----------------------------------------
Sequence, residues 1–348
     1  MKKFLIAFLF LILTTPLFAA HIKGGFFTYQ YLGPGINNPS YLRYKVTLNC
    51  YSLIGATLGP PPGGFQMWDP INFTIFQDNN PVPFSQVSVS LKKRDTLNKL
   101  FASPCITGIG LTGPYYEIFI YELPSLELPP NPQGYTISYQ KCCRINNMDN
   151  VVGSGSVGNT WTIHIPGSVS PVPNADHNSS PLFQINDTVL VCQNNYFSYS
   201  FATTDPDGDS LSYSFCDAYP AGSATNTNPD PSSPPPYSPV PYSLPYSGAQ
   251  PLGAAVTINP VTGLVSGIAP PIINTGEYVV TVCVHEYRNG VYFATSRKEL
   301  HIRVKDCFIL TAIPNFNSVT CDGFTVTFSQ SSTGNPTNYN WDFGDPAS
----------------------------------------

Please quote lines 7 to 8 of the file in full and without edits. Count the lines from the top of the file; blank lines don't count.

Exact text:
   251  PLGAAVTINP VTGLVSGIAP PIINTGEYVV TVCVHEYRNG VYFATSRKEL
   301  HIRVKDCFIL TAIPNFNSVT CDGFTVTFSQ SSTGNPTNYN WDFGDPAS